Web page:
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Ann Arbor

Four or five blocks from the Liberty Street location where the late, lamented Borders sprawled over 50,000 square feet is a much smaller bookseller. Its name is spelled out on the storefront in round, black and white replicas of typewriter keys: “L-i-t-e-r-a-t-i.”

Pushing the message further, the store logo features a vintage typewriter, and a sleek German machine sits on a table on the lower level, where a sign invites visitors to type out a message.

Michael and Hilary Gustafson, the married couple who own Literati, believe in a concept many have given up on — ink on paper. Many in this college town seem to as well, and the millennial passion for authenticity, via handmade, analog, quality goods, has helped.

In the post-Borders universe, Ann Arbor seems a hospitable location for independent bookstores. The city boasts some 10-11 bookstores, as well as a lively book festival in the Kerrytown BookFest, which drew some 4,000 enthusiasts last year.

The Kerrytown Bookfest will take place 11 a.m.-5 p.m. Sunday at the Ann Arbor Farmers Market.

Robin Agnew, president of Bookfest, owns and operates Aunt Agatha’s Mystery Book Shop with husband Jamie. The store, which carries more than 25,000 used and new mystery titles, was honored with the prestigious Raven Award last spring from the Mystery Writers of America for “outstanding achievement” in the mystery realm, outside of creative writing.

It’s the kind of store that carries everything from the edgiest new noir writers to old masters such as Dashiell Hammett, Raymond Chandler and Erle Stanley Gardner, harder to find in public libraries.

Why do mysteries continue to enthrall readers? “It’s a plot and it’s resolved,” Agnew says crisply. “Good triumphs over evil so it’s hopeful, even though it’s about murder.”

New this year at Kerrytown is a breakfast Sunday morning (for ticket holders) featuring three Caldecott winners — the award for children’s book illustration. There is also a writer in residence, Tim O’Mara, who will give pre-arranged critique sessions with aspiring writers all day.

When the Agnews opened Aunt Agatha’s 22 years ago on Fourth Street, it looked like something out of the back alley of a Mickey Spillane novel. Their space had been an X-rated bookstore, with a blood plasma donation center across the street. The street looks prosperous today, although last winter’s polar vortex cut down on sales.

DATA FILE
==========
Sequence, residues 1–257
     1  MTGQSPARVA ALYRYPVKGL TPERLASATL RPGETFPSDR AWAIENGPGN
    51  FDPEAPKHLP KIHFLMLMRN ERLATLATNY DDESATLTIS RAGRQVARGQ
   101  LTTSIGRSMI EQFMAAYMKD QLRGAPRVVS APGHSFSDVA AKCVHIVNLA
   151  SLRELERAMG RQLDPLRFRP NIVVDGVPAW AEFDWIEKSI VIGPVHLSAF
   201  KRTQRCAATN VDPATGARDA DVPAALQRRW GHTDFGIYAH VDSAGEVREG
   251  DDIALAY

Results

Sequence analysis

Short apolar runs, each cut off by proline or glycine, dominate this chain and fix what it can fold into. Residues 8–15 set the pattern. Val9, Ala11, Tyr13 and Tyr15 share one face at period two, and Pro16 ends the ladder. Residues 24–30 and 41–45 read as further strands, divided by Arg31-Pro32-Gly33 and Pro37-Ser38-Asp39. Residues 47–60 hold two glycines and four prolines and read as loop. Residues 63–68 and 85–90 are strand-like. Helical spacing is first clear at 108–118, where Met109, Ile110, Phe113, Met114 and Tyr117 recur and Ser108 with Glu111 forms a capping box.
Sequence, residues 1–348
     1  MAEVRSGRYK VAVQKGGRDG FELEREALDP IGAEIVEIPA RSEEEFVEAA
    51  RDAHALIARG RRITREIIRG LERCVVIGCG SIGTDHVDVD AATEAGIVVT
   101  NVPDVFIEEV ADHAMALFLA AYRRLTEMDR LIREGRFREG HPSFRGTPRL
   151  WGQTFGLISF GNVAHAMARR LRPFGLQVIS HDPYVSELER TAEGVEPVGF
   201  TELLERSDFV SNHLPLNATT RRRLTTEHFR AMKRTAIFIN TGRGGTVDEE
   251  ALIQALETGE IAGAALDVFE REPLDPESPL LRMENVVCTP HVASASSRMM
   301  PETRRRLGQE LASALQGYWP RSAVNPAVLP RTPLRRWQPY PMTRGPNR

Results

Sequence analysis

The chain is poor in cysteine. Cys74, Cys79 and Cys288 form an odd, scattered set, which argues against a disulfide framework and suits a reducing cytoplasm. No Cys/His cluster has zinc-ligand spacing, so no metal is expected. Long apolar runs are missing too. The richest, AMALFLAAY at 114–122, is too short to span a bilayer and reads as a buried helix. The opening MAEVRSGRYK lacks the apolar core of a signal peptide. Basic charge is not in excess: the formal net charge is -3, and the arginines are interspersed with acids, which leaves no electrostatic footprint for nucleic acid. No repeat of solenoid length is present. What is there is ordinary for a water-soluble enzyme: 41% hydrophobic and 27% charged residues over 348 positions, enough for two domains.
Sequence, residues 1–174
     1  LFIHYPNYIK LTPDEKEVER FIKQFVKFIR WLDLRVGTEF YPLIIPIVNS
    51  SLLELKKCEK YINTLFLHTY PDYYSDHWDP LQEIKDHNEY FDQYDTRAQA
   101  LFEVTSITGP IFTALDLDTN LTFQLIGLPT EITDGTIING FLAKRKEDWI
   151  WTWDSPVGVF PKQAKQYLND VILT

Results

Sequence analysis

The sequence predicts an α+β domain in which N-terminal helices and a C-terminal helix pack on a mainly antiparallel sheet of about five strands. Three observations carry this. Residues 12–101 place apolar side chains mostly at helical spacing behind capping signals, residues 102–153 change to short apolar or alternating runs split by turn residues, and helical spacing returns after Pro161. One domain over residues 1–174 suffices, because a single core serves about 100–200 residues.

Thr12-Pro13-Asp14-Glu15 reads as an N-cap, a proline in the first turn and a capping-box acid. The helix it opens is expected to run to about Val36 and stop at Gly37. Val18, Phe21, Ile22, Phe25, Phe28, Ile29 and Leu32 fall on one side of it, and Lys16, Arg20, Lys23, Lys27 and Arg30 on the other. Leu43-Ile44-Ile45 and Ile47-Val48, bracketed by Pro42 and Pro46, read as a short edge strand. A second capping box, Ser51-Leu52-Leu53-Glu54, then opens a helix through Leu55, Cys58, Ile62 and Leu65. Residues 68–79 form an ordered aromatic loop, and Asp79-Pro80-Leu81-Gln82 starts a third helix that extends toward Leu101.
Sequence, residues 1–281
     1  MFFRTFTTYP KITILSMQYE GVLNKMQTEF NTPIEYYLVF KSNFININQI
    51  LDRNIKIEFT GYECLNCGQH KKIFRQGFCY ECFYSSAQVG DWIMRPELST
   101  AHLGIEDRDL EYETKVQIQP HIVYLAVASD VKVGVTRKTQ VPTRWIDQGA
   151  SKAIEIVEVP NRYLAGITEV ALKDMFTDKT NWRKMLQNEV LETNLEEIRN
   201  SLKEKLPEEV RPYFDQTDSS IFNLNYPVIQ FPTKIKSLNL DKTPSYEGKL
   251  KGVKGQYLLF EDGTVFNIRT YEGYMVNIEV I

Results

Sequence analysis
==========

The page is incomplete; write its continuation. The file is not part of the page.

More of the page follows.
When Borders closed, Aunt Agatha’s hardcover sales spiked. “But then Literati opened, and that settled down; they picked up those customers,” Agnew says.

Writing a success story

It was March 2013 when the Gustafsons launched Literati. The couple helped assemble writer panels for Kerrytown and will be there Sunday, selling books.

The couple moved back to Ann Arbor (Hilary, 29, is from the city; Michael, 31, from Grand Rapids) in 2012. They had been living in the center of all that is locally sourced, artisanal and curated — Brooklyn, New York, and they believed Ann Arbor would support another bookstore, especially after Borders’ closing.

“People are tired of looking at screens all day,” Michael says. “The last thing they want to do is look at another screen when they read a book.”

In Brooklyn, it was part of the couple’s daily life to attend events at indie bookstores. After Hilary’s daily sales job at Simon & Schuster was done, she headed for an evening shift at Greenlight Books in Brooklyn to learn the retail end of the business. The couple saw Greenlight as a “super-curated, locally sourced” model for what they wanted to do in Michigan.

Sometimes it’s hard to convince bargain-hunters. “I heard someone looking at a book in the store, say to a friend, ‘Oh, don’t buy that, it’s cheaper on amazon.com,’ ” Hilary says. “Yes, ours is a retail price. But we bring foot traffic downtown, we let nonprofits use our space for free. Indie bookstores end up being community spaces. We have book clubs, cheese tastings, off-site events at the university, events at restaurants linked to cookbooks. We want to be a place where people can meet and generate new ideas.”

One thing you won’t find in the store are e-readers, although Michael says he believes there’s room for both print and digital books. “The days of the 50,000-square-foot bookstore is over,” he admits. “But a 2,000- or 7,000- or 10,000-square-foot bookstore is sustainable, with a robust event schedule.”

Fiction is the store’s best-selling category, and incredibly, poetry is No. 2. Hilary attributes that to poetry grads from the University of Michigan’s highly rated MFA program in creative writing.

Metro Detroit market

In Metro Detroit, independent bookstores can be found, but in scattered locations. In Detroit, John K. King Books at 901 W. Lafayette carries used books, not new. For a strong indie bookstore that sells new books, the most reliable has been the Book Beat in Oak Park.

The Book Beat can be hard to find, tucked in a strip mall at 26010 Greenfield, but for depth of knowledge of Detroit’s arts scene and children’s books, it’s hard to beat the husband-and-wife team of Cary Loren and Colleen Kammer. They were honored in 2012 with the prestigious Pannell Award for the work Kammer does with children’s books and authors.

Unlike the chain bookstores, Book Beat hasn’t gotten rid of its poetry section, and the selection of books relating to Detroit art, music and history is particularly strong. In 2012, the store’s 30th-anniversary party drew authors including Elmore Leonard, who sat happily at a table signing books to support his favorite local store.